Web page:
Parenting orders will be used more often

The Government has said that head teachers should use ‘parenting orders’ in order to make parents of offenders take responsibility for their children’s actions.

The civil court order when used forces parents to attend parenting classes and counselling sessions that teach families how to set strict rules for dealing with troublesome children.

Among the rules taught and enforced in these classes are not allowing children to stay up late, getting them to school in proper uniform, and ensuring that they do not have access to alcohol within the home.  Failure to enforce these rules can lead to further prosecution and a £1000 fine.

The Government’s top advisor on behaviour and a former headteacher, Sir Alan Steer, wrote a report that said there is a general lack of proper understanding about how the orders can be used within schools.

In response to the report, new guidance will be available to head teachers that informs them that all parents who are not properly controlling their children should be warned that a parenting order may be issued by the school.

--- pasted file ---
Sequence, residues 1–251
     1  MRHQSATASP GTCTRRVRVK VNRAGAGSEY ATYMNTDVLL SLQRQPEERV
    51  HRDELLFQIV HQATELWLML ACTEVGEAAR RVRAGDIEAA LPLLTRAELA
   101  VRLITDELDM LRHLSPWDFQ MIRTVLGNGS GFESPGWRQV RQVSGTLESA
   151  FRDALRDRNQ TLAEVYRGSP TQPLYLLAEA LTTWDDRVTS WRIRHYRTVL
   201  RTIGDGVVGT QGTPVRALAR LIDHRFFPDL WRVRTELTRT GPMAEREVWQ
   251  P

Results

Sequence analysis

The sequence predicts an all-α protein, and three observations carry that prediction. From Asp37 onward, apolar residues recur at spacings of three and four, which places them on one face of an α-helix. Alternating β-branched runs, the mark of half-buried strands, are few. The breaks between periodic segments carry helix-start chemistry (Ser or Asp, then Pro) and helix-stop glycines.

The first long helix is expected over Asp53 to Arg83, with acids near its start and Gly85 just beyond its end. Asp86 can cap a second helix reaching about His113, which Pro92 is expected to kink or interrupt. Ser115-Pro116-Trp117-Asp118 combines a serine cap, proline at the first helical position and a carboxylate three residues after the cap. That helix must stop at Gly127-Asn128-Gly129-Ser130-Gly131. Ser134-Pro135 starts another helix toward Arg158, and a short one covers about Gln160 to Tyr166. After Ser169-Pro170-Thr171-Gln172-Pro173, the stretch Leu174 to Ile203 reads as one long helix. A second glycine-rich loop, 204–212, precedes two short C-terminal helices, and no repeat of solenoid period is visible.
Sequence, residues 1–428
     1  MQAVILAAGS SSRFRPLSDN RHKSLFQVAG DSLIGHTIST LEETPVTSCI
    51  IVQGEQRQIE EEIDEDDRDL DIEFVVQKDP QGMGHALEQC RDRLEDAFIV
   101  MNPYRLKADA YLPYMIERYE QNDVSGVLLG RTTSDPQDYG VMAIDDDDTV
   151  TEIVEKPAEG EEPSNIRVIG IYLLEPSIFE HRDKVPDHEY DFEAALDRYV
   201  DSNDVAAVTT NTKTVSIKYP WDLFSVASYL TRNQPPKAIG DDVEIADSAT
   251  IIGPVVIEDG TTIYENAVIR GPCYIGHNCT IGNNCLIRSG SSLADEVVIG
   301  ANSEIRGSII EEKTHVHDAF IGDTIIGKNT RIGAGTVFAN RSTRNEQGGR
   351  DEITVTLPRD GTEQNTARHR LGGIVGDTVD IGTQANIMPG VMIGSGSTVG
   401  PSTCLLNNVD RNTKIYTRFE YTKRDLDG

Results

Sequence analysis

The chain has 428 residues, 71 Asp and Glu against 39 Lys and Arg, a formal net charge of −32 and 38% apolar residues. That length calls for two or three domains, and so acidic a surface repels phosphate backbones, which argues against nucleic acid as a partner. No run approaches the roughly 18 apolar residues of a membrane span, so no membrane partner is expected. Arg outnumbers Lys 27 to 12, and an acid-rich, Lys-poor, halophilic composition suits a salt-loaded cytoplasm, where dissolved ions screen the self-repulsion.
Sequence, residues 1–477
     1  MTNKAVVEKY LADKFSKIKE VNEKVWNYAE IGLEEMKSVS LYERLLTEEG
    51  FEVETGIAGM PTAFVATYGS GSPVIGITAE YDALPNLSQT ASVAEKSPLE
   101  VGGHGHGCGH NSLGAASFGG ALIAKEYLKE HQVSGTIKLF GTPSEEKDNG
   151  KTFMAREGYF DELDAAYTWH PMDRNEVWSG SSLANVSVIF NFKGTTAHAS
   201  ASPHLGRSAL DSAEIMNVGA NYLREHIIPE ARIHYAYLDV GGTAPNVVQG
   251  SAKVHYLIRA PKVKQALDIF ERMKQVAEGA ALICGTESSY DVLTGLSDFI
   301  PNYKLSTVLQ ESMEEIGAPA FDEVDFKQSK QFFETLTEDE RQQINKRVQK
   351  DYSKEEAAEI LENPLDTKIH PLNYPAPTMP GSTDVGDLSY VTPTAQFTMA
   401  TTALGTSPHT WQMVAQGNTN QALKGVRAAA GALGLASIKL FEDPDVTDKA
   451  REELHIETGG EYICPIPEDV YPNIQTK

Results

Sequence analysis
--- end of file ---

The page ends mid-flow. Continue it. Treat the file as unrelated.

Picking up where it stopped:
The Schools Secretary, Ed Balls, stated that heads need to have power to take court action when parents have children who impact other pupils’ lives, behave badly, and disrupt lessons.  He added the new government mandate is a positive step forward in fighting the problem.

At the moment parents can be asked to sign a Home School Agreement which is a non-legal contract that sets out the proper behaviour, homework, attendance, and uniform standards at the beginning of the term.

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